Parisian poet, painter, actor, and musician, Lizzy Mercier Descloux was an influential character in the New York underground scene during the late seventies and early eighties, blazing around the Lower East Side of NYC with her playful, effortlessly cool and loose punk music. Press Color, her first full-length album, was originally released on ZE Records in 1979. Today we present to you our newly remastered reissue of the cult classic as an expanded double LP pressed on ‘Yves Klein Blue’ wax. The reissue features liner notes by Vivien Goldman and includes an 18×24 poster. Press Color is the first release of our five album series showcasing the impassioned work of Mercier Descloux.
Available: August 14, 2015
Here’s one of our favorite tracks from the album, ‘Jim On The Move’:
Below, watch an incredible video from 1979 French TV of Mercier Descloux performing “Fire,” another top track from Press Color. The clip also includes a special cameo from Serge Gainsbourg!
The track starts softly, tricking you into turning up the volume dial, so that when it kicks in it blows your Adidas bucket hat off. So begins the song that made thousands and thousands of girls swoon in 1989, one of the top Indie anthems of all time, ‘I Wanna Be Adored.’ It’s the first track of Stone Roses’ first album.
It’s incredibly rare for one album to shape the 25 years of music following it. The Stone Roses’ self-titled debut (’89) is one of those albums.
Today we bring you a new deluxe double-vinyl pressing of the album remastered from the original tapes, printed on lemon yellow 180 gram wax, and housed in Stoughton gatefold “tip-on” jackets with the album title in gold foil.
You can tell a lot about a band by the songs they leave off their albums. Some of The Stone Roses most iconic songs were never included on either of their two albums. This missing bits, including ‘Elephant Stone,’ ‘One Love,’ and ‘Fools Gold’ can be found on the 1992 comp, Turns Into Stone.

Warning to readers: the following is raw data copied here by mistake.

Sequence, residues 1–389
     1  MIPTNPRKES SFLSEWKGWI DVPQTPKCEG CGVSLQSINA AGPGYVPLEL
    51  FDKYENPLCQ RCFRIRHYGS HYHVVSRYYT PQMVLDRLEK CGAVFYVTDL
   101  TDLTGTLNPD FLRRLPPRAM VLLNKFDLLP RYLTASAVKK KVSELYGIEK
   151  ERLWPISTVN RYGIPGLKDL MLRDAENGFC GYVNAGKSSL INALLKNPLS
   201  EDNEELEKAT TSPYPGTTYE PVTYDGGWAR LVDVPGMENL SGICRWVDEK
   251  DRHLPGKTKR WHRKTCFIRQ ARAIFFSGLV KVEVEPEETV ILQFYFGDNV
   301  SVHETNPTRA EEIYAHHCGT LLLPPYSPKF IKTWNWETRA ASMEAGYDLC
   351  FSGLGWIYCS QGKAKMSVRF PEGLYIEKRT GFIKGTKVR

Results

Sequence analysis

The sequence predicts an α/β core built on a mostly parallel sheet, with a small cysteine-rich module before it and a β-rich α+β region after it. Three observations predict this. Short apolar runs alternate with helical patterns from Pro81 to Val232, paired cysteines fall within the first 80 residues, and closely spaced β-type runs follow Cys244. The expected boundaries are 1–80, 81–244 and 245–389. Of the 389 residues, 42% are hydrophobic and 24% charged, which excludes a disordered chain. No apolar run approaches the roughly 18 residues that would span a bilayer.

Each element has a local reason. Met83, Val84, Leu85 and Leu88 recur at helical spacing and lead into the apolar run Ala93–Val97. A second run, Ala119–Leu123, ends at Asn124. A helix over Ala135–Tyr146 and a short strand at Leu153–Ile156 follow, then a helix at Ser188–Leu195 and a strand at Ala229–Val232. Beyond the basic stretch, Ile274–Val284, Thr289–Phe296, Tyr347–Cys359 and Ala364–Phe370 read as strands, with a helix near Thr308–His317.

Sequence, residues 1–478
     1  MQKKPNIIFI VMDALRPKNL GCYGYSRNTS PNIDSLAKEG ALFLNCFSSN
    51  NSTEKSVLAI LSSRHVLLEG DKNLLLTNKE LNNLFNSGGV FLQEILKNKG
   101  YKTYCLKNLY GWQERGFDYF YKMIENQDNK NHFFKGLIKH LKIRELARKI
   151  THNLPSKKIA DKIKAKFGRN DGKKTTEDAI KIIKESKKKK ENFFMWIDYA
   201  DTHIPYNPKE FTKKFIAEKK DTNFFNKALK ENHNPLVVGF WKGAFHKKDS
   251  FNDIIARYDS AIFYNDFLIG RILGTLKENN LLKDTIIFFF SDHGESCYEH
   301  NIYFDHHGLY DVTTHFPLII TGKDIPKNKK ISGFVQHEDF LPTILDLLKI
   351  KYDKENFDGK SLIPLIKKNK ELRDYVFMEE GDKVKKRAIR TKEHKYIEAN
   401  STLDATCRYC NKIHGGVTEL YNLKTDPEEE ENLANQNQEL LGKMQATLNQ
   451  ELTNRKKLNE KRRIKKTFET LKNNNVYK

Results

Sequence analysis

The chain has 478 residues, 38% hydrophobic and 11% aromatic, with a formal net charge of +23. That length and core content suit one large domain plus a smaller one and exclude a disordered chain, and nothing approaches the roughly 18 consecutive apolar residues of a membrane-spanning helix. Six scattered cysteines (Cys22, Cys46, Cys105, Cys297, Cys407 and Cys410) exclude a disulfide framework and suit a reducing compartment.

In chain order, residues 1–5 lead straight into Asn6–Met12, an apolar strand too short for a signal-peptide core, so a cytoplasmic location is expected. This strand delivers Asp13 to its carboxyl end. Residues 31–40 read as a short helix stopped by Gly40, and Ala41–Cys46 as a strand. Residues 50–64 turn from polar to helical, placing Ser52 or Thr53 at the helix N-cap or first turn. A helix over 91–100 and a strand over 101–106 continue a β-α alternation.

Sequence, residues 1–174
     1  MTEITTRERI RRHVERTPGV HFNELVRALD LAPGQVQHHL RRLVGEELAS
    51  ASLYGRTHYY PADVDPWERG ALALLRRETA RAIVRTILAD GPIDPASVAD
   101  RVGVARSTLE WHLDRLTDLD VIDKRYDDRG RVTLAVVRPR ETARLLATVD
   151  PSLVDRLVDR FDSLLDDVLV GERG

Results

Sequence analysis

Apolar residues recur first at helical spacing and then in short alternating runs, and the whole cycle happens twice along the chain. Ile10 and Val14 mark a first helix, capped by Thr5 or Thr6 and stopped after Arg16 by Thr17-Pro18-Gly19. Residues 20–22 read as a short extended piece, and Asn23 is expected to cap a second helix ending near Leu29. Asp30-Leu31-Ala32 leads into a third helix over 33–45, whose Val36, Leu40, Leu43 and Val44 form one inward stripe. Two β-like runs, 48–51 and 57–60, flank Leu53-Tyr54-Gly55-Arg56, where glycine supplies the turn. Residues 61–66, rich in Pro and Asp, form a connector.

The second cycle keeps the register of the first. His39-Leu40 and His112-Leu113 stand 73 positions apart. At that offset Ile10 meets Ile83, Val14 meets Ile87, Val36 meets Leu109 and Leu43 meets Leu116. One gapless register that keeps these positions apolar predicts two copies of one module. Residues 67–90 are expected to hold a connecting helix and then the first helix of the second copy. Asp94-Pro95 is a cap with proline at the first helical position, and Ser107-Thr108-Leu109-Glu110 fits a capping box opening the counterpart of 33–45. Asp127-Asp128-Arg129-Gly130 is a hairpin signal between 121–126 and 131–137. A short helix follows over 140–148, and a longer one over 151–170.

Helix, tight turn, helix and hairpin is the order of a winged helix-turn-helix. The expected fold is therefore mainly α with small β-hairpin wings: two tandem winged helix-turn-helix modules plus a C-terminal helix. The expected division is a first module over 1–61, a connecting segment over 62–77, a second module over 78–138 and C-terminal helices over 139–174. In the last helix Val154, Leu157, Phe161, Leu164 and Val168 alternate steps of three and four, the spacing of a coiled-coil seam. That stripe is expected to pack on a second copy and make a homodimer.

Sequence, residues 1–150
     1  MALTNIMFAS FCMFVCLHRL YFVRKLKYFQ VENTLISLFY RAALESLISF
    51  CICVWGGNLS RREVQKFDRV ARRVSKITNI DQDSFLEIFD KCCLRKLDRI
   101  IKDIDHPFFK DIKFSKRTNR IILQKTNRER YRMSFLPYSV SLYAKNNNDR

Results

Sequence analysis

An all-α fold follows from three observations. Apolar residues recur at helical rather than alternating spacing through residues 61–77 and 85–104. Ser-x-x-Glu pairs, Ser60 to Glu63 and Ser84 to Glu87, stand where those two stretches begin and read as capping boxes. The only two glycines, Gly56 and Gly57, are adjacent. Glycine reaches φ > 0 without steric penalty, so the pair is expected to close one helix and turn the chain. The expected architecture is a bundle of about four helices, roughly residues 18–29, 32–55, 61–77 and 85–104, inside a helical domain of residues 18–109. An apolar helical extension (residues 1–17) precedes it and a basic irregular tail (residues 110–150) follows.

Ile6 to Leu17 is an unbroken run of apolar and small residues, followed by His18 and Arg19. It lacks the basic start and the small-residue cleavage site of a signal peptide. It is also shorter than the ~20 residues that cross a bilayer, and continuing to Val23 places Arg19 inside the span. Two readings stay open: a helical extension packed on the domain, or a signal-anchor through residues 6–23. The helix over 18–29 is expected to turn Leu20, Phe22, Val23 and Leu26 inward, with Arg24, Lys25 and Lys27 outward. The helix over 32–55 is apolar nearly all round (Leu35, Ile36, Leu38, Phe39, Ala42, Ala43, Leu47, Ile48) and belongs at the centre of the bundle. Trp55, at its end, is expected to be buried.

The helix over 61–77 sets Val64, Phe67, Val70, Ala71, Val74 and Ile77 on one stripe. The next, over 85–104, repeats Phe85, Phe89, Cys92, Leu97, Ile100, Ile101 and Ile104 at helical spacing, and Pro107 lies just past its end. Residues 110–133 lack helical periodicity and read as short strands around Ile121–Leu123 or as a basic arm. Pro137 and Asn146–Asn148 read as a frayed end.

Here we present it remastered from the original tapes, pressed onto 180 gram stone grey wax, with hand-numbered jackets and the album title in silver foil.
These Deluxe Edition first pressings are limited to 5,000 units for S/T and 4,000 units for Turns Into Stone. Get ‘em while they’re hot!”
Is it vinyl Christmas already?! Boy have we got some treats for ya this year…
The Wu-Tang Clan is obsessed. It’s Kill Bill heroine Beatrix Kiddo’s favorite bedtime story. It’s an “awesome spectacle of sword and sorcery.” It’s Shogun Assassin.
What began as an extensive manga series in the 70s called The Lone Wolf And Cub, shifted shapes into two different Japanese films, before being recut in 1980 and released to the grindhouse film circuit, chock full of brutal action and decapitations.
Our interest, of course, lies with the film’s ominous soundtrack, which blends eastern melodies with futuristic synths, electronic beats, and bouncing disco bass lines. Neither Japanese, nor authentic, this soundtrack is pretty damn badass.
Check out the album’s opening track in the video below:
Willie Nelson’s Teatro
Willie Nelson has over 300 albums, and Teatro might be the most misunderstood of them all. It also might be our favorite. Willie and collaborator Daniel Lanois (who produces, plays guitar and bass, and contributes track ‘The Maker’) set up camp in an abandoned movie theater in Oxnard, CA and recorded live among the red velvet seats with the help of Emmylou Harris and a nine piece backing band that included Willie’s sister, Bobbie Nelson on piano. Maybe it was intentional, maybe it was the faint smell of popcorn haunting the cinema, but somehow this album actually took on a rather cinematic feel. Howling harmonicas and distant mariachi bands evoke spaghetti western scores of the past. Yet this grandness is made to feel intimate and immediate by Willie and Emmylou’s vocals.
Here’s a track from the album:
Legend has it that each year on Record Store Day, the Light In The Attic zine magically appears, as if by alchemy, in fine retailers across the globe. These small, ancient, newsprint catalogs of days gone by unveil highlights from the past year’s releases, teasers of things to come, and other pertinent musical musings.
This year, the zine gets a makeover; we spiced things up a bit to add just a touch more flare. In this issue, you’ll find new features like the first ever LITA-centric crossword puzzle, horoscopes, a fan art contest winner revealed, and new editorial features, both by and about the very employees at LITA who grease the cogs. There are exclusive interviews with Françoise Hardy, Willie Nelson, and Sly Stone; a feature on Native North America band Sugluk (who are feat. on cover clad in denim- if that’s not a tough look for 2015, we don’t know what is!), and secrets revealed about LITA co-owner Josh Wright! Pick one up fo’ free at your local wax purveyor!